Just off the shore of Bradenton Beach, the remains of a steel molasses barge lie hidden under the waves and half buried in the sand, just as they have been for the last 74 years. While walking on the beach, you may have passed within less than 100 yards of this historic site, but never noticed the wreckage of Regina.
Regina was built in 1904 for the Havana based Cuban Molasses Transportation Co. by an Irish shipyard known as Workman, Clark & Co. When completed, the steel steamer totaled 247 feet in length, with a 36 foot beam (the width of the ship as measured at its widest point) and 14 foot draft (the vertical distance measured between the waterline and the bottom of the ship’s hull). Regina joined the growing molasses trade, as its use by both rum distilleries and animal feed manufacturers increased. Large and small tankers alike carried the thick, syrupy cargo from locations in Cuba, the Dominican Republic, and Puerto Rico to ports in the eastern US, including some along the Gulf Coast.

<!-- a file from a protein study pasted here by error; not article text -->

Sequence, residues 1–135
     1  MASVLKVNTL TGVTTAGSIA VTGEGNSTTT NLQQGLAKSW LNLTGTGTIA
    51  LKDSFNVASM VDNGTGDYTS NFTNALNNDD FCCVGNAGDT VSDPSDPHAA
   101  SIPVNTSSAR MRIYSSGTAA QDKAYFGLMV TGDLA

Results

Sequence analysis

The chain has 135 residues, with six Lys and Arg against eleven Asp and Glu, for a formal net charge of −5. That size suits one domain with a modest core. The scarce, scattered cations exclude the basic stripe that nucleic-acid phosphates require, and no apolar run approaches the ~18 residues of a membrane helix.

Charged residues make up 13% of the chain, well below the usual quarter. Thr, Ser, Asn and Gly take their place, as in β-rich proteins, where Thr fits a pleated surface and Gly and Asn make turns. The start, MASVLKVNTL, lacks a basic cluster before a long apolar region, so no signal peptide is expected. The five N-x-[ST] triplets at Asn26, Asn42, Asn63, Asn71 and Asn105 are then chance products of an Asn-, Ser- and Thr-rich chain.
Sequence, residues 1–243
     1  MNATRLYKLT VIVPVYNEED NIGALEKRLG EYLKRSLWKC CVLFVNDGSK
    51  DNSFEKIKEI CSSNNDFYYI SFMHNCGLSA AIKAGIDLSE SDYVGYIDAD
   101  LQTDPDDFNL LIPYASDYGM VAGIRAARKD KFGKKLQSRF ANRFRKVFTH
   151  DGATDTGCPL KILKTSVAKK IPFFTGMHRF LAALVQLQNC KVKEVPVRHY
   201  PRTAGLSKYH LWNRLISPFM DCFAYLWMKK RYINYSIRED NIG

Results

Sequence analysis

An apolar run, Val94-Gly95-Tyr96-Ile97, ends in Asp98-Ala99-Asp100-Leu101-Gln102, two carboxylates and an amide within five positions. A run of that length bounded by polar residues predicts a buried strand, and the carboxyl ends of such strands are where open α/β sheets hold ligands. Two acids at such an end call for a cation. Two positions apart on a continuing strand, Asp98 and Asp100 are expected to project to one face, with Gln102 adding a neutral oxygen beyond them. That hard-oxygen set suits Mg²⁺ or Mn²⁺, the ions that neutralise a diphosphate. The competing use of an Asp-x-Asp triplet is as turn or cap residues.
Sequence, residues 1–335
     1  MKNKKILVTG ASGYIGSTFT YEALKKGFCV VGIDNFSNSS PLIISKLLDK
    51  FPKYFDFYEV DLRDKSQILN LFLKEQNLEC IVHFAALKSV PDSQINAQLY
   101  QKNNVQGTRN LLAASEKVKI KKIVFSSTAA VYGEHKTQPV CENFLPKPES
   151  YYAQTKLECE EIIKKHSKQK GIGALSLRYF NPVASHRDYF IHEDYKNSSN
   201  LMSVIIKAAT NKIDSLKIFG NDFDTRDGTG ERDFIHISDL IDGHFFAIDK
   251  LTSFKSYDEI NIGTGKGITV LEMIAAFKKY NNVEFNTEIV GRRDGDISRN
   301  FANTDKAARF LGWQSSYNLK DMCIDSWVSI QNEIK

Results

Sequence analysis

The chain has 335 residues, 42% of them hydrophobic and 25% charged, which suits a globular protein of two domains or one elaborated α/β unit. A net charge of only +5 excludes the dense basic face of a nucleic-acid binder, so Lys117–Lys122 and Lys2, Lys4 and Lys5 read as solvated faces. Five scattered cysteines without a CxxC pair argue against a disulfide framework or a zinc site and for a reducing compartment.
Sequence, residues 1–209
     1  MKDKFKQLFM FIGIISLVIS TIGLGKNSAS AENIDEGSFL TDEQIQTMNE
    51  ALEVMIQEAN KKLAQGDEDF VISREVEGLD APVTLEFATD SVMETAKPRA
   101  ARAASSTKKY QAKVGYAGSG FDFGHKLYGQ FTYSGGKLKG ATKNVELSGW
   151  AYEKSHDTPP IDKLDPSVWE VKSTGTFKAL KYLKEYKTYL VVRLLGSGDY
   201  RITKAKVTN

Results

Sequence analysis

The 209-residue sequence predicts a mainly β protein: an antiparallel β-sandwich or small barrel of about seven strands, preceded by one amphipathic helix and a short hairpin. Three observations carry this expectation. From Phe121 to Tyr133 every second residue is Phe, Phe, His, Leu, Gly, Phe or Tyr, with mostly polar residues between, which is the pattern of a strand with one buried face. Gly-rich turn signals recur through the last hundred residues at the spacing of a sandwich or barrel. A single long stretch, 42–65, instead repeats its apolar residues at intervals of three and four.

Regina left Havana, Cuba, on March 5, 1950, with a cargo of over 350,000 gallons of molasses on board. The vessel, now converted to a tanker barge, was being towed by the tugboat Minima on a course for New Orleans, the principal port of the world’s molasses trade. From here the molasses could be transferred to river barges and distributed to feed producers throughout the Midwest, but neither ship would reach this destination.
A cold front swept across the Gulf of Mexico, bringing with it strong winds, 8-12 foot waves, and freezing temperatures. Those aboard Minima planned to seek shelter from the storm in Tampa Bay, but before they could reach safety, the towing cable attaching the tug to Regina was torn apart in the storm. Regina and the eight crew members on board began to drift helplessly towards Anna Maria, before running aground on a sandbar.